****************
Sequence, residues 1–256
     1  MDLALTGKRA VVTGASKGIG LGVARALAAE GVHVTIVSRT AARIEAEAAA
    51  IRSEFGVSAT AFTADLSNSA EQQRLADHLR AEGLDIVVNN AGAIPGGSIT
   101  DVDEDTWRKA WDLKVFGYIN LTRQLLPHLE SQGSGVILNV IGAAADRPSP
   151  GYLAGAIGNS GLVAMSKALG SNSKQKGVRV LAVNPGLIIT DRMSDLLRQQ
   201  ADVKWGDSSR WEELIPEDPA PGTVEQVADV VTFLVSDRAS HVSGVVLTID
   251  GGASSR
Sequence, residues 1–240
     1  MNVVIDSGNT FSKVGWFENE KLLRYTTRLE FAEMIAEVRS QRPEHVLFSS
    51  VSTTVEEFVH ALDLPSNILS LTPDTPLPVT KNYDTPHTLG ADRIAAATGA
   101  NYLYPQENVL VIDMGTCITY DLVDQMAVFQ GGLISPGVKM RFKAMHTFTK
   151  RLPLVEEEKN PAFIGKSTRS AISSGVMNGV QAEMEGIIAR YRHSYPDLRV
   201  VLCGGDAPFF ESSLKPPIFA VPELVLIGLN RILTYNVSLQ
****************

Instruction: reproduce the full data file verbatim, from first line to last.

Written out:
Sequence, residues 1–256
     1  MDLALTGKRA VVTGASKGIG LGVARALAAE GVHVTIVSRT AARIEAEAAA
    51  IRSEFGVSAT AFTADLSNSA EQQRLADHLR AEGLDIVVNN AGAIPGGSIT
   101  DVDEDTWRKA WDLKVFGYIN LTRQLLPHLE SQGSGVILNV IGAAADRPSP
   151  GYLAGAIGNS GLVAMSKALG SNSKQKGVRV LAVNPGLIIT DRMSDLLRQQ
   201  ADVKWGDSSR WEELIPEDPA PGTVEQVADV VTFLVSDRAS HVSGVVLTID
   251  GGASSR
Sequence, residues 1–240
     1  MNVVIDSGNT FSKVGWFENE KLLRYTTRLE FAEMIAEVRS QRPEHVLFSS
    51  VSTTVEEFVH ALDLPSNILS LTPDTPLPVT KNYDTPHTLG ADRIAAATGA
   101  NYLYPQENVL VIDMGTCITY DLVDQMAVFQ GGLISPGVKM RFKAMHTFTK
   151  RLPLVEEEKN PAFIGKSTRS AISSGVMNGV QAEMEGIIAR YRHSYPDLRV
   201  VLCGGDAPFF ESSLKPPIFA VPELVLIGLN RILTYNVSLQ